A key animating issue for Catholic and Evangelical Christians’ political advocacy has long been the pro-life movement, and with Roe being overturned, abortion will continue to be a crucial issue as Democrats push for federal abortion protections and Republicans consider a nationwide ban.
“Abortion is going to be at the center of this midterm, and it’s impossible to tell the abortion story in politics without talking about the Catholic story. The Catholic Church essentially helped launch the pro-life movement after the 1973 Supreme Court ruling in Roe v. Wade, which interpreted abortion as a private act and therefore protected under the U.S. Constitution,” Burch said.
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“The Church has also been a big part of the pregnancy resource movement, which is now under attack,” he added. The U.S. Council of Catholic Bishops (USCCB) keeps a running list of incidents of suspected violence against parishes since 2020, ranging from repeated damage to sprinkler systems to graffiti and apparent arson. Radical pro-choice groups have taken responsibility for some of the attacks.
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Catholic voters have swung between parties in recent decades, and surveys of all Catholics show they are divided in terms of which party they support. The recent ruling on Dobbs v. Jackson Womens Health Organization, which overturned Roe v. Wade and sent the issue of abortion to be decided by the states, caused some Catholics to express apprehension at the strong role conservative Catholic justices play on the Supreme Court.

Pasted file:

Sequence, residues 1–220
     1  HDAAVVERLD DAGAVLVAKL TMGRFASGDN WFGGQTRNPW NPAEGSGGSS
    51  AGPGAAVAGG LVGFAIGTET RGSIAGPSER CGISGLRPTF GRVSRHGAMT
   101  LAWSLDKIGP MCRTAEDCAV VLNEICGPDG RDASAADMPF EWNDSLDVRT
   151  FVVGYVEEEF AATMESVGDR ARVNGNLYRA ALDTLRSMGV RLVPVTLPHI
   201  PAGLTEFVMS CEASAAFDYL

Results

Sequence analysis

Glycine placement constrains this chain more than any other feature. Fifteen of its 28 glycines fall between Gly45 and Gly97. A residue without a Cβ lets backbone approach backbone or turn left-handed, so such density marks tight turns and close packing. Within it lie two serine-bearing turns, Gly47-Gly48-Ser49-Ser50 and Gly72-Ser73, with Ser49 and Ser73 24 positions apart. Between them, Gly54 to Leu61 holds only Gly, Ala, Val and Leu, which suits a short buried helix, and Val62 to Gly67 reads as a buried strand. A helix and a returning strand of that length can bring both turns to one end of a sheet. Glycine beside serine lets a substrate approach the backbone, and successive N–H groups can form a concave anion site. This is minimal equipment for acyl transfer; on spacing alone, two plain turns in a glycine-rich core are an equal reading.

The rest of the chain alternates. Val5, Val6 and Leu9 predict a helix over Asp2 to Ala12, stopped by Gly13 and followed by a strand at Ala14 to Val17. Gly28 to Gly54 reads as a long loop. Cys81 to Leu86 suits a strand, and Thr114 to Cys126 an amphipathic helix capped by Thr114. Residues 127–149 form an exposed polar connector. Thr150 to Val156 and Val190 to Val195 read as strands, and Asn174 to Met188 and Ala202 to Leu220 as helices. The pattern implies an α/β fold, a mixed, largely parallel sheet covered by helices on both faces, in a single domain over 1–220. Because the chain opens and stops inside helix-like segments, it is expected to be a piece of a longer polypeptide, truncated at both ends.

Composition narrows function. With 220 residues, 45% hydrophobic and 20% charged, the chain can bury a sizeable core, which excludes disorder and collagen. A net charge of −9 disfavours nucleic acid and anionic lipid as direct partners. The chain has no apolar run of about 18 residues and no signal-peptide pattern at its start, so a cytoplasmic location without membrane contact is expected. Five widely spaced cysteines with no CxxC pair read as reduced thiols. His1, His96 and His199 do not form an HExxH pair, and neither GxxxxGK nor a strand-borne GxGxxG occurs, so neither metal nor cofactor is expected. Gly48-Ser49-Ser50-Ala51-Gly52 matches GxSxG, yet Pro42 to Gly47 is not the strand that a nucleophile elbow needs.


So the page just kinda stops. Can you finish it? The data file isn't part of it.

Catholic commentator Maureen Dowd wrote after the draft Dobbs decision leaked in May that she “feels an intense disquiet that Catholic doctrine may be shaping (or misshaping) the freedom and the future of millions of women, and men. There is a corona of religious fervor around the court, a churchly ethos that threatens to turn our whole country upside down.”
To Burch, whose organization mainly focuses on mobilizing what he calls faithful, or regular Mass-attending Catholics, Roe’s end means an opportunity for Republicans and Democrats together to create policies that are more life affirming, beyond the issue of abortion.
Politics is an essential place for Catholics to be involved, Burch argued, because of the mission to create societies that are more caring, acting on Christian principles. Asked about the risk of aligning too closely to a single party, Burch suggested that it’s necessary to leverage politics, along with other aspects of culture, to spread the Church’s teaching and principles to create life-affirming, just societies.
“We now need to push the Republican Party, and I think you’re seeing this, to combine that moral principle with needed assistance for women and families,” Burch said.
“The potential for public policy has been unleashed now that the shackles of Roe v. Wade have been removed. It’s an extraordinary opportunity for the Republican Party to embrace women, children, families in a way that’s not just good for people and for the country, but certainly for its own political success,” he added.